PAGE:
Justice Minister Judit Varga posted part of the text of the new legislation on her Facebook page:

Hungary protects the institution of marriage as a cohabitation between a man and a woman, based on voluntary decision, and the family as the basis for the survival of the nation. The basis of the family relationship is the marriage and the parent-child relationship. The mother is a woman, the father is a man.

The Háttér Society, the largest and oldest non-governmental LGBTQI organization in Hungary, tweeted that this legislation, however, will “stigmatize same-sex couples raising children and transgender people, make LGBTQI school education programs impossible and complicate single-parent adoption.” They add, in a series of tweets:

These provisions are very problematic on their own, as they go against international human rights norms and especially the rights of children. LGBTQI children exist, forcing them to live according to conservative ideals might make them invisible, but will not make them disappear.

Restricting the number of potential adoptive parents means that more children will remain in state care or be adopted abroad where they can’t maintain their language or cultural identity. There are already hundreds of children being adopted outside of Hungary.

Adopting such highly problematic laws at the peak of the COVID pandemic is even more appaling [sic]: it is part of a political strategy to divert attention away from the government’s inability to control the health and economic crisis.

The adoption legislation is not the only anti-LGBTQ move made by Orban’s government, however. In May, it banned transgender people from changing their gender identity on identification documents. These are shameful moves by the government. I hope that both national and international pressure comes to bear to reverse these harmful and short-sighted policies.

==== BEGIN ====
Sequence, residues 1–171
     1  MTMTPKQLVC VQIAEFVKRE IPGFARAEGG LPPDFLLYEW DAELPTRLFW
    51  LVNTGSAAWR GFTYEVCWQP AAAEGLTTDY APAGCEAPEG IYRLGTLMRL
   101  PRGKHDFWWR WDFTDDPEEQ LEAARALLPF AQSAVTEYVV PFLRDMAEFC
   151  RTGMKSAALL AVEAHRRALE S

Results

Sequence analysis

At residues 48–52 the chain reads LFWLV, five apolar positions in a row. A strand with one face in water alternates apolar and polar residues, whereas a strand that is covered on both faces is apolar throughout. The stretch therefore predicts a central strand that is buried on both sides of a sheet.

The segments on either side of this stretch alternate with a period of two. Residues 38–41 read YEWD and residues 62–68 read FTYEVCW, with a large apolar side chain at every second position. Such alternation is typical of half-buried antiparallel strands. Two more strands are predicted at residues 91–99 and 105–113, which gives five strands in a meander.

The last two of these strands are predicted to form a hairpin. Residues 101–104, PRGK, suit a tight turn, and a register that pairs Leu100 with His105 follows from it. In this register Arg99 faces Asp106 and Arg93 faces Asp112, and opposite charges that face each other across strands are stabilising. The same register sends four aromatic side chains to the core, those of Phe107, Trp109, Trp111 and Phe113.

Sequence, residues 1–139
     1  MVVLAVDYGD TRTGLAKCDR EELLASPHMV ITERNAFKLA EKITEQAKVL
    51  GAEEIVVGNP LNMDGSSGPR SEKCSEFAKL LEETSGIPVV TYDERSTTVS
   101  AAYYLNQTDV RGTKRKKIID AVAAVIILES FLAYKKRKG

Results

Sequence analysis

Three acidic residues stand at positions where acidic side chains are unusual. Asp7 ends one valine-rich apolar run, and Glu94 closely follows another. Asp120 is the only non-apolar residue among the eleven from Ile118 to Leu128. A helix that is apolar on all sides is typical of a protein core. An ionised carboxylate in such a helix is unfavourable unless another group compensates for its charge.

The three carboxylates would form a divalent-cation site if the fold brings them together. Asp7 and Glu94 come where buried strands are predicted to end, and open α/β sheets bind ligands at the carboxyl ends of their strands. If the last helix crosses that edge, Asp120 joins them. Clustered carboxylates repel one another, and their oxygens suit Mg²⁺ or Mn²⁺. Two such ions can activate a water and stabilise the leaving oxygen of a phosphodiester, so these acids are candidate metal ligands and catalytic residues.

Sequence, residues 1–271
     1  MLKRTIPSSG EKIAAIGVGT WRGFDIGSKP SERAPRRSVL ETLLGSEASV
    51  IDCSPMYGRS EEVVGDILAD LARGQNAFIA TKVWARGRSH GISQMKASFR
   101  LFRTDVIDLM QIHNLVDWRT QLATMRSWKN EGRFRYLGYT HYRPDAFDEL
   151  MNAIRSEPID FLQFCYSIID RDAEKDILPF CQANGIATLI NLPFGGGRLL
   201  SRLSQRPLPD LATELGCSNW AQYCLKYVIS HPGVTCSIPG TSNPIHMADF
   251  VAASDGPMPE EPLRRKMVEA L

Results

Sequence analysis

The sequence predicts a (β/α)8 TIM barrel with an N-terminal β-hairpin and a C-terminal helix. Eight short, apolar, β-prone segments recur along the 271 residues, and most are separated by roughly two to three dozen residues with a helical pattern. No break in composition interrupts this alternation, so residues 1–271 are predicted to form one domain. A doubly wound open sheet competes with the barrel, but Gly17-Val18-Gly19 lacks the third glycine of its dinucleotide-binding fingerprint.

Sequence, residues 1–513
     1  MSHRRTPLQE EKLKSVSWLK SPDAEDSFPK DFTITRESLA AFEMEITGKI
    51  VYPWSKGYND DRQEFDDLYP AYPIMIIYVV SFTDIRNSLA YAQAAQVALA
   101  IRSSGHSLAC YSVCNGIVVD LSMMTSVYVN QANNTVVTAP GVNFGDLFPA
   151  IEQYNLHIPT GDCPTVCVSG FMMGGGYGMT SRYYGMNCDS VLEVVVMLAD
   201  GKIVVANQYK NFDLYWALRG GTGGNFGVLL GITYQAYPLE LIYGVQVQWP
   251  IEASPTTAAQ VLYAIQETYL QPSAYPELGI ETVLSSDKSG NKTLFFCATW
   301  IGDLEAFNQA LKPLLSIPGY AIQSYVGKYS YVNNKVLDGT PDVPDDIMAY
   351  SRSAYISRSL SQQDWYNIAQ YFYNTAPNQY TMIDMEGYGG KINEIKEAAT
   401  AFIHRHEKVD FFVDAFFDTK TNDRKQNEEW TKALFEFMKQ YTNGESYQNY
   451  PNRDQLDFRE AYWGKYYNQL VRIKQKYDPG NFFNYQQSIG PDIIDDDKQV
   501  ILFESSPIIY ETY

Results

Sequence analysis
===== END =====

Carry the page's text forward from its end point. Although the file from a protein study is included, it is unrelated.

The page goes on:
Also coincidentally released on Tuesday was the “State-Sponsored Homophobia 2020: Global Legislation Overview Update ” from the International Lesbian, Gay, Bisexual, Trans and Intersex Association, a worldwide federation of more than 1,600 organizations from over 150 countries and territories. Among other findings, it notes that “69 UN member States still criminalise consensual same-sex sexual acts between adults,” with six member States prescribing the death penalty.

On the positive side, 11 UN member States have constitutional provisions that specify sexual orientation in their anti-discrimination protections; 57 offer broad protections against discrimination based on sexual orientation; 81 protect against workplace discrimination on the basis of sexual orientation; 48 impose enhanced criminal penalties for offences motivated by hate towards the victim’s sexual orientation; and 4 have nationwide bans against “conversion therapies.” Twenty-eight recognize marriage for same-sex couples (plus one non-UN jurisdiction, Taiwan); 34 provide for some partnership recognition; and 28 have joint adoption laws, with 32 allowing for same-sex second parent adoption. (Yet the data alone can be deceiving: “In Ecuador, constitutional protection co-exists with a constitutional ban on adoption of children by same-sex couples,” the report notes.) This report shows the progress that has been made over the past decades—but also, as this latest move from Hungary emphasizes, how far we have yet to go. Onward….